In the remote villages scattered throughout the Himalayas, opportunities for children are rare. So when an aunt offered to take 10-year-old Devi to the bustling capital, Kathmandu, to attend school, her mother readily agreed.
What awaited Devi was not the opportunity of a lifetime, but misery and despair.
Her aunt handed her over to an illegal orphanage. Devi had become one of Nepal’s fake orphans.
“They were lured, the families were tricked. But actually, the life which they were living in this place was hell,” says Anju Pun, a social worker for the charity which helped rescue Devi.
Every year, thousands of foreigners donate money or volunteer to help orphans in Nepal. But in reality, most of the children living in the more than 500 orphanages across the country have parents.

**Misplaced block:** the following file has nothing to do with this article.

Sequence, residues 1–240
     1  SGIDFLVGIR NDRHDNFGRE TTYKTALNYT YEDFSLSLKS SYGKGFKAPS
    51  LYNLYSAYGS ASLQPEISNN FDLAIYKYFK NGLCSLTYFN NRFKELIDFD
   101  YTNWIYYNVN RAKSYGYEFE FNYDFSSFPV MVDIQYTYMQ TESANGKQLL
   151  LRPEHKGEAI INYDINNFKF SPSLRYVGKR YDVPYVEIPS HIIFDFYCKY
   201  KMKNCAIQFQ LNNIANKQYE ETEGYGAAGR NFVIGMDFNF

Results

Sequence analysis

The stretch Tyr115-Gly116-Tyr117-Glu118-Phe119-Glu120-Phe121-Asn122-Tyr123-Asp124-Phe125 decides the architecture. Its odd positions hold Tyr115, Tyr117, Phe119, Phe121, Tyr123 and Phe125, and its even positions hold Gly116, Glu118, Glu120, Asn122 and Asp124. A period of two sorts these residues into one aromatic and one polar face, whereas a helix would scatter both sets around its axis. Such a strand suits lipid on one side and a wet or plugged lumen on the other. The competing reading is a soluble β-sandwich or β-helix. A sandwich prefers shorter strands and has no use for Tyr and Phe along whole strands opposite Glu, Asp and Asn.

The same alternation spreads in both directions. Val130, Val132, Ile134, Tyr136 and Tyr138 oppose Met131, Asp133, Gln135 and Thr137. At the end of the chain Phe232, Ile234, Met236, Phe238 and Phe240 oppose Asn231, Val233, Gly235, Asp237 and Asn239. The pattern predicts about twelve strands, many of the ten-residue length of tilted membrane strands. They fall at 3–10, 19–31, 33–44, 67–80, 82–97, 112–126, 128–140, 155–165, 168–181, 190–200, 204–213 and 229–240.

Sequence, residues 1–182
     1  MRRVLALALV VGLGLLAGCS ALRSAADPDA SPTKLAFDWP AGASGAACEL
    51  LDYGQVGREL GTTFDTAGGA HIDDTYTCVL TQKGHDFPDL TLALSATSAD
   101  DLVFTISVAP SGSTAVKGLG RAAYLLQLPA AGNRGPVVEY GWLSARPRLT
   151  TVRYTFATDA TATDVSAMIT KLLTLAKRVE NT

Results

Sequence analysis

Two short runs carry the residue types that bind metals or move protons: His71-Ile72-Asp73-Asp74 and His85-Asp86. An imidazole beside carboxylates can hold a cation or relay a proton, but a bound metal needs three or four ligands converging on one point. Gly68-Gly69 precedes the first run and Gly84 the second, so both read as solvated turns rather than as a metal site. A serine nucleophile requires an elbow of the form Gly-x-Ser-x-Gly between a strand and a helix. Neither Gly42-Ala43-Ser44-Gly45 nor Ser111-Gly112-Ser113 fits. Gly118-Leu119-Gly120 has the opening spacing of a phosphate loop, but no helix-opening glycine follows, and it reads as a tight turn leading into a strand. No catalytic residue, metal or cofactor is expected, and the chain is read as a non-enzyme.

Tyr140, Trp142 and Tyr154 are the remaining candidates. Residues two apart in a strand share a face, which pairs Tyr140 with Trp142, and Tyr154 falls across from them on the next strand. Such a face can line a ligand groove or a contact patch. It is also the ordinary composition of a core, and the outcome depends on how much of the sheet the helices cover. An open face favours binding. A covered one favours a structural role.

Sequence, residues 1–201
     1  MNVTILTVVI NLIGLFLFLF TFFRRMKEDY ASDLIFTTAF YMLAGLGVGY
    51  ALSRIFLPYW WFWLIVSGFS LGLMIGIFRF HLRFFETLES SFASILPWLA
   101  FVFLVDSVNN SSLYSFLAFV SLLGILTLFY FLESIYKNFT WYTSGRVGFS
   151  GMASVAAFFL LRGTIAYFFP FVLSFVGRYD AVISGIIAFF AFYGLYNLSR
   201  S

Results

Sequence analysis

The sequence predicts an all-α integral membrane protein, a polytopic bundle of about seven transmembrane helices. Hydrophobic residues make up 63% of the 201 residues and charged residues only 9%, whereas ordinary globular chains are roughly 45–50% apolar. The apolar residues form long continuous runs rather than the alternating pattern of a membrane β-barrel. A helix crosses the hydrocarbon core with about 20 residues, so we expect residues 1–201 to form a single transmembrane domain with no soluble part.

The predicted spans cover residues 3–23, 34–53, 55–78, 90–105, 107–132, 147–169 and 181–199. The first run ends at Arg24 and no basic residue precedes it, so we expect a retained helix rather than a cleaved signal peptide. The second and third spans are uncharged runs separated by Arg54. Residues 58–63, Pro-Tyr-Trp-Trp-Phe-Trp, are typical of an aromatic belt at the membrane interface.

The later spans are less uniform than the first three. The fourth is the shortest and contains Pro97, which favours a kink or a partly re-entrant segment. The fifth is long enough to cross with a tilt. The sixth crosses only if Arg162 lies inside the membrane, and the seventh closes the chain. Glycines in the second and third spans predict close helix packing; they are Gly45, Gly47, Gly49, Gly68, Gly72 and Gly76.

Like Devi, many are victims of traffickers, who prey on poor families desperate to give their children an education.
Instead, traffickers deliver the children to illegal orphanages where they are used to attract donations from well-meaning foreigners.
Australian lawyer Kate van Doore uncovered the dark underbelly of Nepal’s trade in children in 2006, when she set up an orphanage in Kathmandu, taking in a group of girls from another institution. Five years later, she discovered that they had parents.
“We found that the children’s names had been changed, to prevent, I suppose, family finding them,” Kate says.
101 East follows one young girl’s journey home from Kathmandu back to her family in the Himalayas.
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